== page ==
14 Labor Rights (cont.) Improve the quality of labor regulation and the functioning of labor market institutions Ensure effective enforcement of minimum package of labor rights for the enterprises of the poor that upholds and goes beyond the Declaration of Fundamental Principles and Rights at Work Strengthen access to employment Support social protection for poor workers in the event of economic shocks and changes as well as measures that guarantee access to medical care, insurance and pensions Ensure that legal empowerment drives gender equality and meets ILO commitments to promote elimination of discrimination against women
15 Business Rights Business rights are critically important as they allow entrepreneurs to: form management hierarchies contract to make deals, issue shares or bonds to raise investment capital to transmit ownership from one generation to the next to separate business and personal assets
16 Business Rights (cont.) To empower entrepreneurs, governments can: Guarantee basic business rights to vend and to have a workspace and related infrastructure (shelter, electricity, water, sanitation) Strengthen effective economic governance that makes it easy and affordable to set up and operate a business Expand the definition of legal person to include legal liability companies that allow owners to separate their business and personal assets – and thus enable prudent risk- taking. Promote inclusive financial services that offer to all entrepreneurs in the developing world what their counterparts in Europe, the United States and Japan take for granted: savings, credit, insurance, pensions, and other tools for risk management. Expand access to new business opportunities through specialized programs to familiarize entrepreneurs with new markets, that help them comply with regulations and requirements, and that support backward and forward linkages between larger and smaller firms.
17 What are the Implications of Legal Empowerment ? Legal empowerment will serve as a compliment to other important national initiatives such as investment in education, public services and infrastructure and will serve to create vital conditions for major international efforts to help the poor succeed Legal empowerment requires believing in ordinary people and taking on the poor as partners in their own development, enabling them to realize and enforce their rights, to obtain new ones, and to use them for reducing poverty and increasing stability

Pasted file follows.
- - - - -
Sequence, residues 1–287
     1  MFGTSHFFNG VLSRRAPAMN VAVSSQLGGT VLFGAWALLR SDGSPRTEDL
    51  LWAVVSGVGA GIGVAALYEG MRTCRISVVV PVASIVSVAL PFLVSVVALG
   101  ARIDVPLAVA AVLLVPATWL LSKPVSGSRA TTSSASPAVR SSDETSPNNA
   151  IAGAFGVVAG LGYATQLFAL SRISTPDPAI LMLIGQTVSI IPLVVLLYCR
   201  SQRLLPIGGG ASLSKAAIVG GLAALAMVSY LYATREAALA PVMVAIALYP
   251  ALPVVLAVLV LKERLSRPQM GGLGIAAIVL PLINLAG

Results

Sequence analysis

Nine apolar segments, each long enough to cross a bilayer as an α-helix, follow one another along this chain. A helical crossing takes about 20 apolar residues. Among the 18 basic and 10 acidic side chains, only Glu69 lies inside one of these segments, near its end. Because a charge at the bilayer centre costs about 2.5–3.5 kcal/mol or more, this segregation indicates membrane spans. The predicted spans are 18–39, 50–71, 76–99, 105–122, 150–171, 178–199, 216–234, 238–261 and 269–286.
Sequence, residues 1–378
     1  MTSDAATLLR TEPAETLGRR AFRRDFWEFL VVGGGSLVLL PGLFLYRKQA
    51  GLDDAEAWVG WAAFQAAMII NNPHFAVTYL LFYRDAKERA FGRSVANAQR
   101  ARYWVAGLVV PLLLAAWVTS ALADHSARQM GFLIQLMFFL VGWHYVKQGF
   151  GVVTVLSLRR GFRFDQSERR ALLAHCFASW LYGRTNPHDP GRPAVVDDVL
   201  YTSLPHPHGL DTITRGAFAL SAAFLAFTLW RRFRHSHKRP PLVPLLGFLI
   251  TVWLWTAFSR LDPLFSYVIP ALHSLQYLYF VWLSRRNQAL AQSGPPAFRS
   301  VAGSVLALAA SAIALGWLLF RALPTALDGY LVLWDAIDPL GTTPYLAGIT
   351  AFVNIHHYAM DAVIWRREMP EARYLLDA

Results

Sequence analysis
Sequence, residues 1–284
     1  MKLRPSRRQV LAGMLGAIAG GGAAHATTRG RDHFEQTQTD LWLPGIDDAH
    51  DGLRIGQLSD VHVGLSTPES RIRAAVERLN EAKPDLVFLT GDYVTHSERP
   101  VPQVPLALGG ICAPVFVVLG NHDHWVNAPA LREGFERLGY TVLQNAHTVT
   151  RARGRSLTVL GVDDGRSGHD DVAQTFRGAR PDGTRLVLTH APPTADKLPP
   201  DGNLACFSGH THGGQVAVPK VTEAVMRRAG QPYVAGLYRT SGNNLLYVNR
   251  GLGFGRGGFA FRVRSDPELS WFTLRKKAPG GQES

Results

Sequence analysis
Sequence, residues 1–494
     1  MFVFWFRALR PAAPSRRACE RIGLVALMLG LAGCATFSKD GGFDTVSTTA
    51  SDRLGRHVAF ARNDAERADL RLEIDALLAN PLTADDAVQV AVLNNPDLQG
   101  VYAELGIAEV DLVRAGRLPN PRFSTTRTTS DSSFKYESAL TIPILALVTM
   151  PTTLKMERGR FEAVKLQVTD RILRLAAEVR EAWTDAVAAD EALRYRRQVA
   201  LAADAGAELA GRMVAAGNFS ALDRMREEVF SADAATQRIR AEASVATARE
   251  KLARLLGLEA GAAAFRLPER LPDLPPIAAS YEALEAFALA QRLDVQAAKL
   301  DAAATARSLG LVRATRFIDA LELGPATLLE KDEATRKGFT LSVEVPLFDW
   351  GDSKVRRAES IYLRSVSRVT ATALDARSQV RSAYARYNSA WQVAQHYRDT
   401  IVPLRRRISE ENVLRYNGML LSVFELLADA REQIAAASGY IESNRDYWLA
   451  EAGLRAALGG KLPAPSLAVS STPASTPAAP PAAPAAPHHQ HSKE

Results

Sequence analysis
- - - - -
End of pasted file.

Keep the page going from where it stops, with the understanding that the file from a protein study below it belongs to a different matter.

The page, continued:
18 How to Proceed in the Multilateral Realm The legal empowerment agenda must be integrated in existing global strategies by the World Bank, the UNDP, FAO, the ILO, UN Habitat and other global actors, who have an impact on the basic framework conditions for decent work, competitive enterprises and, more generally, the fight against poverty. Legal empowerment of the poor must become a core mission for regional political organisations, for regional banks and for the UN regional organisations The legal empowerment agenda must be brought into the area of business. The UN Global Compact can play a central role in building support from the world of business for systemic change. NGOs will serve as a link between global, national and local level, between the poor and the political institutions, building representation, reforming existing structures and providing support for the poor (cont.)
19 How to Proceed in the Multilateral Realm (cont.) Incentives for legal empowerment initiatives should: give coherent support for legal empowerment efforts in individual countries foster a political consensus for legal empowerment at regional and global levels. create new instruments for supporting legal empowerment, such as: aGlobal Legal Empowerment Compact to set new norms. a clearinghouse for knowledge and experience relating to legal empowerment. public-private partnerships for legal empowerment.
20 Conclusion Legal empowerment presents a renewed anti-poverty agenda aimed at including the large majority of the worlds population into a network of rights and obligations that can increase equality, connect the economies of developing countries to the global store of knowledge and provide the poor with instruments that will give them a chance to gain from todays global market.
Next Steps with the OAS 21 Launch of report (Spring 2008) Briefing of foreign ministers (June 2008) Private sector forum of the Americas (June 2008) Hemispheric leaders meeting Regional Compact for Legal Empowerment in LAC Integration into relevant existing or planned OAS regional initiatives Involvement in selection and implementation of Pilot Countries in LAC